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God done it

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We get a lot of tips here in the office — good tips, bad tips, tips that turn out to be the truth even though you would have bet a dollar to a dogtick there was no way that could be true. Tips are the lifeblood of a news-gathering organization, along with coffee in the morning, tea in the afternoon and hard liquor after quittin' time.

Last week, we were lounging around the newsroom when somebody sent an electronic brick through the window saying that a Republican legislator up at the Capitol planned to introduce a bill that he predicted would be the most controversial of the session.

Given that the State Capitol building has become a veritable Kook Roost these days, with its inmates passing laws so out there that even the New York Times has sent reporters down here to make sure they're serious, the idea that somebody would get all superlative on us when it comes to controversy set off a fresh batch of head scratching around the newsroom and, later, when we posted the question online: What could it be?

At the risk of giving the folks up on Penitentiary Hill more ideas to help prod us back to the caves at the point of a crucifix, The Observer cast our vote for the following. It had to be either:

"The You Can Have My Gun When You Pry It From My Translucent, Unformed Fingers Act of 2013," which, if enacted, would require every woman of fertile age to have a small-caliber handgun implanted in the lining of her uterus, so that any potential fetus can immediately begin to fend off abortion doctors.

Or:

"The God Done It Act," which will state that while grading a biology or geology exam taken by an Arkansas student, teachers are required by law to accept "God Done It" as an acceptable answer to any question. Also acceptable: "God Dun That," "Gah Dood Dit," or "Werk of the Debil."

As of yet, our mystery legislator and his or her grand social compact have yet to be revealed, but we're currently leaning toward the one about arming the unborn. A law that combines guns AND fetuses, with zero regard for a woman's health, safety or personal privacy? In Arkansas these days, that one's definitely a keeper.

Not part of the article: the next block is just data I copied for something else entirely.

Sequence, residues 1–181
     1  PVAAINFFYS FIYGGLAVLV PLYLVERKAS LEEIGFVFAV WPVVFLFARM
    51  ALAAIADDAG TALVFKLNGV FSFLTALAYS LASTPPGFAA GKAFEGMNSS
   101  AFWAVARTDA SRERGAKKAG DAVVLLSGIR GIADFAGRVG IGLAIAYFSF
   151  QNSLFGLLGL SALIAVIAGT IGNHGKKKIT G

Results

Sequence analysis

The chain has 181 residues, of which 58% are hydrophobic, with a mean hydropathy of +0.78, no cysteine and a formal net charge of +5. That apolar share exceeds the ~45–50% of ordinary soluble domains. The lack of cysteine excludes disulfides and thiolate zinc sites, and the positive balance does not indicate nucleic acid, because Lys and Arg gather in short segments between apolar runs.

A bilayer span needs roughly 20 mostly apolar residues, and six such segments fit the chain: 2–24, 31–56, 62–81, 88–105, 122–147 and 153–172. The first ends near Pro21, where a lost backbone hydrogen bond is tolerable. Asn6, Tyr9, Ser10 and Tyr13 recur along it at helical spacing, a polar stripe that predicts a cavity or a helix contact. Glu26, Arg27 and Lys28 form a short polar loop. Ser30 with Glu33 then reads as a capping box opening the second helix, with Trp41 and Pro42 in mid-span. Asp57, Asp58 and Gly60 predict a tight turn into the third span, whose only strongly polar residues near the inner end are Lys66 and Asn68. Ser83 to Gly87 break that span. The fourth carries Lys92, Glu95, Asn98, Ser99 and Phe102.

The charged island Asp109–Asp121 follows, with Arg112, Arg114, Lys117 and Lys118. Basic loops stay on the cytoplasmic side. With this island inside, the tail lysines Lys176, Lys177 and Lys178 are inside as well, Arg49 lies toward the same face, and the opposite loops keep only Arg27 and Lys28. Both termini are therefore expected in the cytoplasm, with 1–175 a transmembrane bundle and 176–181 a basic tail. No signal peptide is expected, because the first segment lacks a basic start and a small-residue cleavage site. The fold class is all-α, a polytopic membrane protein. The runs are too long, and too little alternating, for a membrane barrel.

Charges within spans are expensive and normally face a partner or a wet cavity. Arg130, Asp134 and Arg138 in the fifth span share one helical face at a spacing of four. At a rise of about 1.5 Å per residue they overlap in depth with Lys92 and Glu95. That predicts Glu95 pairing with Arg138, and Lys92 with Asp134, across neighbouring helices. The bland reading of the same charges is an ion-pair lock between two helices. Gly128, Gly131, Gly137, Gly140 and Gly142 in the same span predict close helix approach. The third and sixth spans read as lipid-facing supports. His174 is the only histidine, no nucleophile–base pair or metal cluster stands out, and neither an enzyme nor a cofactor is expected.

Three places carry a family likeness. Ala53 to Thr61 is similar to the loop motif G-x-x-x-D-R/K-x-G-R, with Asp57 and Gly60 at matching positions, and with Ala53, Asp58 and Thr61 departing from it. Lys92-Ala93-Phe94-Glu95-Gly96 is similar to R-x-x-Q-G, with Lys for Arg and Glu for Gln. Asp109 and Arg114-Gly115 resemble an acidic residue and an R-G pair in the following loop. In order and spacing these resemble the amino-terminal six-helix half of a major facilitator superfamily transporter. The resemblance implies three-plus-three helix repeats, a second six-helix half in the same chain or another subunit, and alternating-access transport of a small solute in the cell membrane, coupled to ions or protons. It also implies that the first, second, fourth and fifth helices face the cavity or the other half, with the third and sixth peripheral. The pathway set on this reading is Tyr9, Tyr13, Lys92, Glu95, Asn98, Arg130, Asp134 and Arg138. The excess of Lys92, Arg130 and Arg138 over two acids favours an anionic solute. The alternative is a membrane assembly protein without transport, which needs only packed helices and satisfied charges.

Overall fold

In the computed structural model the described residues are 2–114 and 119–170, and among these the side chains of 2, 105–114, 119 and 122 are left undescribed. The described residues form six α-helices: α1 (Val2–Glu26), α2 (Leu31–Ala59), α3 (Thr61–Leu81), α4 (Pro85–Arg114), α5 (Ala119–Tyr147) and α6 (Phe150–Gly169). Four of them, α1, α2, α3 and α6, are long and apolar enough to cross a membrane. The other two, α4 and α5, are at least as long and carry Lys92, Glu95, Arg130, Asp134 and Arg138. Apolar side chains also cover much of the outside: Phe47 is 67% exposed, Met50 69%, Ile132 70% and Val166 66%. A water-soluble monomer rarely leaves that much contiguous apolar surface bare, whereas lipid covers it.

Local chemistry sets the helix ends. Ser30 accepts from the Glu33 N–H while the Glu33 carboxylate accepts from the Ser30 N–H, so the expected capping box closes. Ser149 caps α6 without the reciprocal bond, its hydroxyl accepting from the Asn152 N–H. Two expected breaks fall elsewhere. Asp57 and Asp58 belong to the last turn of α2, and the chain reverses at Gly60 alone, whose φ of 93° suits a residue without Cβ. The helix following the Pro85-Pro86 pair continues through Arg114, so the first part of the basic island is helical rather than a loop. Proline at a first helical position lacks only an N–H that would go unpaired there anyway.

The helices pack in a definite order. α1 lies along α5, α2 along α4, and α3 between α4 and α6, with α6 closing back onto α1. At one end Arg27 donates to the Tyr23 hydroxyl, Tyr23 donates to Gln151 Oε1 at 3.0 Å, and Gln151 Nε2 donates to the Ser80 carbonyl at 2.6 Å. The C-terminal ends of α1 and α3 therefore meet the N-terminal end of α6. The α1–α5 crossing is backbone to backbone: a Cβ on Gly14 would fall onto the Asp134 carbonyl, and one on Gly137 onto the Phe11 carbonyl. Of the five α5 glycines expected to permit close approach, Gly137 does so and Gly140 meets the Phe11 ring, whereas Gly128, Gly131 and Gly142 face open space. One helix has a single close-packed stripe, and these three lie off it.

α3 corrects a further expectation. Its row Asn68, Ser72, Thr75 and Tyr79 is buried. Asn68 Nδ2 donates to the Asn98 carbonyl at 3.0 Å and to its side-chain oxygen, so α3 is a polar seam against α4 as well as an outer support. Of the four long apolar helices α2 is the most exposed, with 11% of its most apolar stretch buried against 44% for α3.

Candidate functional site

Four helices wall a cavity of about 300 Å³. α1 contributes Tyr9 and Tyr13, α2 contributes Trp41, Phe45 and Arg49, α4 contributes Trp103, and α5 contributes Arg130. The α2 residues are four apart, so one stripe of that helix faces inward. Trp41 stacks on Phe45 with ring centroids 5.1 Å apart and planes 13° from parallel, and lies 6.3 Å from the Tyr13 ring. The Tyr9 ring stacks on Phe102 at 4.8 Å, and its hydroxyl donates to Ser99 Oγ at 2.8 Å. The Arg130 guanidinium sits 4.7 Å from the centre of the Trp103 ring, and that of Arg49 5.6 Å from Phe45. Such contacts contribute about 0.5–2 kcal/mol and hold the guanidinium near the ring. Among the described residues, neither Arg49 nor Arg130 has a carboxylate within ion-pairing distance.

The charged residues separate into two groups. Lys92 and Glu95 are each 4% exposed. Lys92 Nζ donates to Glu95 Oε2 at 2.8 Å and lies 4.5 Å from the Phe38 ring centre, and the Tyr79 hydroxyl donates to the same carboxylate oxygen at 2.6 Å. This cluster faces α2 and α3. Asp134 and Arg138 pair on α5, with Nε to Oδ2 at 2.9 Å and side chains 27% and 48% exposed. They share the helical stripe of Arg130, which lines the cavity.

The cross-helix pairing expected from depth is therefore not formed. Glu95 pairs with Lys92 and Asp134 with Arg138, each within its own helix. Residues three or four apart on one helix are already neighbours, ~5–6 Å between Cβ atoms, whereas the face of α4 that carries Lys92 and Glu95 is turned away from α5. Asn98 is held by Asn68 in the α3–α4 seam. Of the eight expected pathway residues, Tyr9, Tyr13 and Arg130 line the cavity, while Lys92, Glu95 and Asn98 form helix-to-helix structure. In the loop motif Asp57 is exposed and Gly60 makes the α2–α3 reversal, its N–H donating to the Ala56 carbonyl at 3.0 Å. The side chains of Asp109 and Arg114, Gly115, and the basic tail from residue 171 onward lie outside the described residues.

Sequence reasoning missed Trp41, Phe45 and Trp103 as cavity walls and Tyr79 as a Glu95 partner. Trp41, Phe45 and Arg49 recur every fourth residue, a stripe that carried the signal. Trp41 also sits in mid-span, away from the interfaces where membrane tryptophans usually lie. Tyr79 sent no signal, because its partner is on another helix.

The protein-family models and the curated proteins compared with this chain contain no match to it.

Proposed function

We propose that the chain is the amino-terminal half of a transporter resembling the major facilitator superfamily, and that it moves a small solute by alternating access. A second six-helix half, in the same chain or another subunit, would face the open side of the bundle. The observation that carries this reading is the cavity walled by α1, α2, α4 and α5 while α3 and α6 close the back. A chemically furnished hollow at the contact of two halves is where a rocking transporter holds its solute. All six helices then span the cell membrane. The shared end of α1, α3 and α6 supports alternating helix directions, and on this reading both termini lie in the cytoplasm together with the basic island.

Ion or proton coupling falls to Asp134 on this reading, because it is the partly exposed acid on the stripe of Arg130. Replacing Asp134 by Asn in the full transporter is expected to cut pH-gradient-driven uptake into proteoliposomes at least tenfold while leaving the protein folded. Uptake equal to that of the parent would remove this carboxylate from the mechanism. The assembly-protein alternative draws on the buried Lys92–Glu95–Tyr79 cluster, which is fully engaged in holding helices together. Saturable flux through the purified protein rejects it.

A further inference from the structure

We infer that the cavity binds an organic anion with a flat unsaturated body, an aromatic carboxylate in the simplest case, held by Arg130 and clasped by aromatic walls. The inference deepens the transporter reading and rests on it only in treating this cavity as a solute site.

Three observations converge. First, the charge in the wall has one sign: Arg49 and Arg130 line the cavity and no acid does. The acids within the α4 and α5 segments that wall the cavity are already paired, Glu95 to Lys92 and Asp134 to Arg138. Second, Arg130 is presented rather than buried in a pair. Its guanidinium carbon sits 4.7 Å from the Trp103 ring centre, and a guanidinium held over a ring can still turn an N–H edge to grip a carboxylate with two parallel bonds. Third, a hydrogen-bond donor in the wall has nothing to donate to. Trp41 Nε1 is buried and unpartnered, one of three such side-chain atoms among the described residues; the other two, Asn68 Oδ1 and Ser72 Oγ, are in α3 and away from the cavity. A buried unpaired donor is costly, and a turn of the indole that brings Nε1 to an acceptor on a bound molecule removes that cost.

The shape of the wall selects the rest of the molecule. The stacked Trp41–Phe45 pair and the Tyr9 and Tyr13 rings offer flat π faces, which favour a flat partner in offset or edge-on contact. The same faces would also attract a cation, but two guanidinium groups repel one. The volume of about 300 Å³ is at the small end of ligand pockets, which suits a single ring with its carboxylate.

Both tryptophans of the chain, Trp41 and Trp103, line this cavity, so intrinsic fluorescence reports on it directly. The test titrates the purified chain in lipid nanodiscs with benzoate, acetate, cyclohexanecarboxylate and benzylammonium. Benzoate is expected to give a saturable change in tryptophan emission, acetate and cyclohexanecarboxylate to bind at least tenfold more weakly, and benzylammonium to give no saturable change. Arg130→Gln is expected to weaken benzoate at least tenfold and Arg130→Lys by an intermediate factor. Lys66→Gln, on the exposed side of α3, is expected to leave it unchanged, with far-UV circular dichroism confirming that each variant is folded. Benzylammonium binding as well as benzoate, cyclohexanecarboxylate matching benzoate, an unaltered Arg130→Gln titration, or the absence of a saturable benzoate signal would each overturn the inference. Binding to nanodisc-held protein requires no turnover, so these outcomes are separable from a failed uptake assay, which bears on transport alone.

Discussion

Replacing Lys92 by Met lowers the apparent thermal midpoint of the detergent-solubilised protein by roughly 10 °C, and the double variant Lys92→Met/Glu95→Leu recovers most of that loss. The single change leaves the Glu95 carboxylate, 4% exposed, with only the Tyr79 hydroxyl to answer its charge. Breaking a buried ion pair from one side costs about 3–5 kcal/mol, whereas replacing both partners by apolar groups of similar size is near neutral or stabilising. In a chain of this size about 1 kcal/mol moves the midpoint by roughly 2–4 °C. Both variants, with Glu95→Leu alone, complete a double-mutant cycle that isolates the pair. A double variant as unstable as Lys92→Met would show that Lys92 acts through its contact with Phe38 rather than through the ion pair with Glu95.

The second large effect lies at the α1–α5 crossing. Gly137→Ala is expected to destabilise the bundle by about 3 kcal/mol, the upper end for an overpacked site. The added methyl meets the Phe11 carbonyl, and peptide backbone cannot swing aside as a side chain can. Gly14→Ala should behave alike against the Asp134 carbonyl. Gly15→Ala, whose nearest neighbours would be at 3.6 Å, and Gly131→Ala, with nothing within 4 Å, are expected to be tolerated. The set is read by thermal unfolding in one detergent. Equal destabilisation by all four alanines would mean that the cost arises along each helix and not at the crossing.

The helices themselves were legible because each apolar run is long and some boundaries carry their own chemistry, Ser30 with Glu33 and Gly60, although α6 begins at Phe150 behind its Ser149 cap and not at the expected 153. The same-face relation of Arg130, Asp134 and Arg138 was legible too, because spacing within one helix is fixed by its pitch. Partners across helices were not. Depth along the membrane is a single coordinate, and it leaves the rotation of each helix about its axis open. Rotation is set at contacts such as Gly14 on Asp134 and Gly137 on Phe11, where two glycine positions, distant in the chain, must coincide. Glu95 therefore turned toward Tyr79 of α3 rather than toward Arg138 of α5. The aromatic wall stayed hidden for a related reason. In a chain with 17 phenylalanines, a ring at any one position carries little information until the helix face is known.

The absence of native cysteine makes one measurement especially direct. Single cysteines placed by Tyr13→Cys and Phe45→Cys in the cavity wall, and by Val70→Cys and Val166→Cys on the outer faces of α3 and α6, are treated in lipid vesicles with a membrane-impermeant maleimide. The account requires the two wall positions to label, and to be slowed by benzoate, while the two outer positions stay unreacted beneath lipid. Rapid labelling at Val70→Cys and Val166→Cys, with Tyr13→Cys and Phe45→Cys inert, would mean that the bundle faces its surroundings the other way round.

The Observer was out and about the other day, doing The King's Business, when we wheeled into a convenience store in North Little Rock, looking for a caffeine fix. After preparing our beverage, we walked to the counter, where a bright-eyed young clerk looked us up and down before exclaiming: "Are you a writer?"

We'd never been there before, and had never seen her in our life, so the question piqued our interest enough that we 'fessed up to our profession.

"As a matter of fact, I am," The Observer replied. "Why do you ask?"

"You just LOOK like a writer," she said.

Given that writers have a long-standing history of being rumpled and/or drunk, often both, we couldn't help but wonder: Is looking "like a writer" a good thing, or a bad thing?

We might have to get back to you on that one. In the meantime: Does anybody have a comb?

The Observer gets on The Book o' Face quite a bit to commiserate with friends about how all the polar bears are drowning, the world is going to Hades in a handbasket and politics are straight up peanut-butter-and-pickle-sammich crazy. That said, we think we may have actually hit on a solution for stopping some of the senseless violence we've seen of late.

The answer came during a discussion about a recent shooting in Little Rock that took a young man's life. Police soon arrested two men in the crime, both old enough to vote, but neither of them old enough to legally buy a beer. They've been charged with capital murder, which means they're looking at spending the rest of their natural lives in prison.

Here's The Observer's idea, crude but effective: Billboards all over town bearing a picture of a pair of large, naked breasts. Underneath, it should say: "Take a good look. Because if you get life in prison for being an impulsive, homicidal jackass, you'll never see another pair again."

Car accidents would probably go through the roof, but we're thinking murders would plummet to their lowest level in years.

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